At the same time, the manual explains that drugs are not just a legal problem. Solving drug abuse also depends on factors such as offering young people a sense to their lives and decent surroundings in which they can mature.


The Church opposes the legalization of drugs. This includes so-called soft drugs, which it sees as fomenting the same type of dependence mentality and the loss of personal dignity that hard drugs produce.

The manual points out that the state has a duty to protect citizens and promote the common good. Legalizing drugs would be a serious blow to potential users, damaging their health and stunting their lives.

From a medical point of view, the division between soft and hard drugs is hard to draw. In many cases what is more important is the quantity of substances consumed, how they have been taken and whether they have been mixed. Moreover, new drugs are constantly arriving on the scene, along with new side effects and questions about their potency.

The Pontifical Council for Health Care Workers also points out that drug abuse has significant non-physical effects. The psychological and behavioral consequences of soft drugs lead to substantial problems, even if their physiological effects are not as serious as those of hard drugs.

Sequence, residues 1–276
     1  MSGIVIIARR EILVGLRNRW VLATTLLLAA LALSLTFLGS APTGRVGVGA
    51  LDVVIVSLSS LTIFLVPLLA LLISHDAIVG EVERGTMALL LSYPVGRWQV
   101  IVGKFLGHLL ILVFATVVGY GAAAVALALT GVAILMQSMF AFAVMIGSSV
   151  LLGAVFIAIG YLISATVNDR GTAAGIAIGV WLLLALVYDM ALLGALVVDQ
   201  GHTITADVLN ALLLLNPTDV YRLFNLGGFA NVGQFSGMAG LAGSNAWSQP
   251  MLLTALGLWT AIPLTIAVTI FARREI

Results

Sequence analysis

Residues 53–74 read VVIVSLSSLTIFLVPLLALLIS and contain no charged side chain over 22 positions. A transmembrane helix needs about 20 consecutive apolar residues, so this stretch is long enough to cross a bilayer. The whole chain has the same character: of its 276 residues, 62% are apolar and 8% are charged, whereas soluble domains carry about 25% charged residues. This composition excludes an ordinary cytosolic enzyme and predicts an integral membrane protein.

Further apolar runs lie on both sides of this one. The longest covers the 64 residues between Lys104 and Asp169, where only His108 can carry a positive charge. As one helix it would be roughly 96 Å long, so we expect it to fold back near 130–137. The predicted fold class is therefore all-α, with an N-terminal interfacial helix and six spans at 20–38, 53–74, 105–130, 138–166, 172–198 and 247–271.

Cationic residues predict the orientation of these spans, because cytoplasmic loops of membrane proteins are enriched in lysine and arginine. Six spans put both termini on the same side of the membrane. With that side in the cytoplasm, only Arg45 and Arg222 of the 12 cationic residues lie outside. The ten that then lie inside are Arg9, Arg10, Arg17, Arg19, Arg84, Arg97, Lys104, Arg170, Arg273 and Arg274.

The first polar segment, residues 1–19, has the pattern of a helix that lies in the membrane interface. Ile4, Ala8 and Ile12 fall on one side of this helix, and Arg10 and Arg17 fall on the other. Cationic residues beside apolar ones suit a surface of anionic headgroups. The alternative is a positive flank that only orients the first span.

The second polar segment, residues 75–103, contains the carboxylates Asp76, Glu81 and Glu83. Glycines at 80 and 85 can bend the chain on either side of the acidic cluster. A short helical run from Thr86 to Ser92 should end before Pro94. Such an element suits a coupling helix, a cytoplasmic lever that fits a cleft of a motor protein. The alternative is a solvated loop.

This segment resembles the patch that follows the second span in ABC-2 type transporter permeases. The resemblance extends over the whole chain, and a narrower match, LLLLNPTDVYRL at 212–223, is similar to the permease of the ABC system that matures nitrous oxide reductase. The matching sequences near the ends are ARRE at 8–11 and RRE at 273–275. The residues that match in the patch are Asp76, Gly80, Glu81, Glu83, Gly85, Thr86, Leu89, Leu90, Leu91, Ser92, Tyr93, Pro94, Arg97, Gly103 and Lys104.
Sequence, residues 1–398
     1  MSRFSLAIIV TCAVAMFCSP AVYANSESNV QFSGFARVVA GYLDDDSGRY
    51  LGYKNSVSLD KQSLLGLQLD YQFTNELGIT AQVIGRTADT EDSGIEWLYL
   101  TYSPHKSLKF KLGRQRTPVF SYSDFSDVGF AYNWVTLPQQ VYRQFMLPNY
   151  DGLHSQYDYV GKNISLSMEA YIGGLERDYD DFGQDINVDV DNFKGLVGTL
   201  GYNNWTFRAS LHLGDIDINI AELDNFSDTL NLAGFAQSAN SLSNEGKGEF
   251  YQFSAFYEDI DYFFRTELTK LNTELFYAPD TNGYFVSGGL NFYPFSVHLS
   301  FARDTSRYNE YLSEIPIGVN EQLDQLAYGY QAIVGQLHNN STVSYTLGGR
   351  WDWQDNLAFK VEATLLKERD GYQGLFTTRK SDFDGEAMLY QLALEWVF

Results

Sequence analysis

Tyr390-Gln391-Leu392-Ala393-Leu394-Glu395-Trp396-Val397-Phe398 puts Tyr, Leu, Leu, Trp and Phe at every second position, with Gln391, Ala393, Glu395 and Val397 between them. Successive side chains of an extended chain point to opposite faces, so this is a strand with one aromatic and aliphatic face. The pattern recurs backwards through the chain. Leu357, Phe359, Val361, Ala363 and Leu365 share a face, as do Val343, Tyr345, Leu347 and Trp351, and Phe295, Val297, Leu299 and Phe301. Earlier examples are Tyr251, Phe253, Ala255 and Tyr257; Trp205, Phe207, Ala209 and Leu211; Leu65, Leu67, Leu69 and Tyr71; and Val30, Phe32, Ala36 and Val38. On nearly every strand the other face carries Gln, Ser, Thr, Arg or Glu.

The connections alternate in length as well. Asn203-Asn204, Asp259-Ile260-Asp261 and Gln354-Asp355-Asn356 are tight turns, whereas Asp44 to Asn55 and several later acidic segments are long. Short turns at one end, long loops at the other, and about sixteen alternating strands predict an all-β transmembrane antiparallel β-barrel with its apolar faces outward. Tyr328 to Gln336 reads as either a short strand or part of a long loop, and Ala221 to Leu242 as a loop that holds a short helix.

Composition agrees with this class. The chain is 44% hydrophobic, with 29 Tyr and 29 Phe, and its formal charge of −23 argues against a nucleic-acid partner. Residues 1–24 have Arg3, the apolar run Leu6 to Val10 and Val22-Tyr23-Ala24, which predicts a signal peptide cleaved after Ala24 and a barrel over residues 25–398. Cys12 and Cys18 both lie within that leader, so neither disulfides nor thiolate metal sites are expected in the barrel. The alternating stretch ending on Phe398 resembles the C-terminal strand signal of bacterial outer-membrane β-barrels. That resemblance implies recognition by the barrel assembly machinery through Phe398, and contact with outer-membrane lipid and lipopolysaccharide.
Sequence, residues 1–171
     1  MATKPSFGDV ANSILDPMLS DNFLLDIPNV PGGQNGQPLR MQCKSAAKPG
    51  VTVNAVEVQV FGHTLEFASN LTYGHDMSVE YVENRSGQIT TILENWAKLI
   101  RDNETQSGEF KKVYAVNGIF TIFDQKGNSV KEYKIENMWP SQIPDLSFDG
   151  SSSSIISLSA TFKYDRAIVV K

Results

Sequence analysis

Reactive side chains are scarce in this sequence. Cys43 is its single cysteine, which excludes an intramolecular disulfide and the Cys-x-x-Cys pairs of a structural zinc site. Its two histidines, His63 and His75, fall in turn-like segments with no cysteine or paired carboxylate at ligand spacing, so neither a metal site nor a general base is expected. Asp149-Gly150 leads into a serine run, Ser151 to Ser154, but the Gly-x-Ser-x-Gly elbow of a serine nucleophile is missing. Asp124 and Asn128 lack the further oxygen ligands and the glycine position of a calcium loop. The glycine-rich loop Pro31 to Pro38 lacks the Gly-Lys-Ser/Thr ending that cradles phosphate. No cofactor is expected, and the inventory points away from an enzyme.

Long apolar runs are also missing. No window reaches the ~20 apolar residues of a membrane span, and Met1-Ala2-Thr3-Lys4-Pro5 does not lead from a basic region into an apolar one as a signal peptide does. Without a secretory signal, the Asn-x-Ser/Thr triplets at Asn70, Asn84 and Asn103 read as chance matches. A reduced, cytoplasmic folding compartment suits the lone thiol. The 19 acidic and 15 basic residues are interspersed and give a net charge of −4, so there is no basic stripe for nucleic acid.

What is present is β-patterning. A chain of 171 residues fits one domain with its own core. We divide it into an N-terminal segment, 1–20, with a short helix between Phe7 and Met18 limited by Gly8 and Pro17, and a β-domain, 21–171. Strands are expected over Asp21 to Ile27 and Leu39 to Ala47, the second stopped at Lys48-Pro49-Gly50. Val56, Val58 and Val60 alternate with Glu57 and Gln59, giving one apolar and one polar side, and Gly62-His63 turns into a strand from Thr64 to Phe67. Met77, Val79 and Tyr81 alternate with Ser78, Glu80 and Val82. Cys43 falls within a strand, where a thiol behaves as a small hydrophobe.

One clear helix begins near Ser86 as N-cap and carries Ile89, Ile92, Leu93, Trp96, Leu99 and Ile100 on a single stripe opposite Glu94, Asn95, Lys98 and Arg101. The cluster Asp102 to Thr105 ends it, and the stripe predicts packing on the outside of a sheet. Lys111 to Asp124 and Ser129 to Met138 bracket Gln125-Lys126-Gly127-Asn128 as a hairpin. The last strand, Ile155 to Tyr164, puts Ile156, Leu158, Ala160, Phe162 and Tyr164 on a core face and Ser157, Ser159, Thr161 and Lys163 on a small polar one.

How then can we best fight against drug abuse? The document suggests three courses of action: prevention, suppression of trafficking and rehabilitation.

Prevention can be brought about by offering to potential victims of drugs the human values of love and life, illuminated by faith, the Pope has stated. In this way we can give meaning to our lives. The Church offers people the gift of God's love, with her word and with Christ's grace.

The document also stresses the role of the family in providing for children a solid education that teaches them to avoid ever starting with drugs. Youth groups and parishes can also play a part, by promoting a lifestyle based on evangelical values and contact with God that will lead to the discovery of what is the true meaning of our human existence.

Fighting against the international network of drug traffickers is also important, notes the manual. Regional and international cooperation is needed to overcome the power of crime syndicates.

Drug suppliers and merchants should be the primary object of legal and police action, affirms the document. While it would be a mistake to leave unpunished ordinary drug users, authorities should take into account the personal and social factors that led them into addiction. Above all, users should be helped to escape from their dependence.

The Pontifical Council for Health Care Workers notes that the Church has been successfully treating drug addicts for years. John Paul II has encouraged parents of young addicts to keep up hope and to maintain dialogue with their children. Family love is a potent weapon in fighting drug use, he says.

The Church also offers to addicts the hope contained in Christ's love for each person. The manual notes that a life based on a personal relationship with Christ is the only way to satisfy our personal desires. ( ZE01122201



ZENIT is an International News Agency based in Rome whose mission is to provide objective and professional coverage of events, documents and issues emanating from or concerning the Catholic Church for a worldwide audience, especially the media.

Reprinted with permission from Zenit - News from Rome. All rights reserved.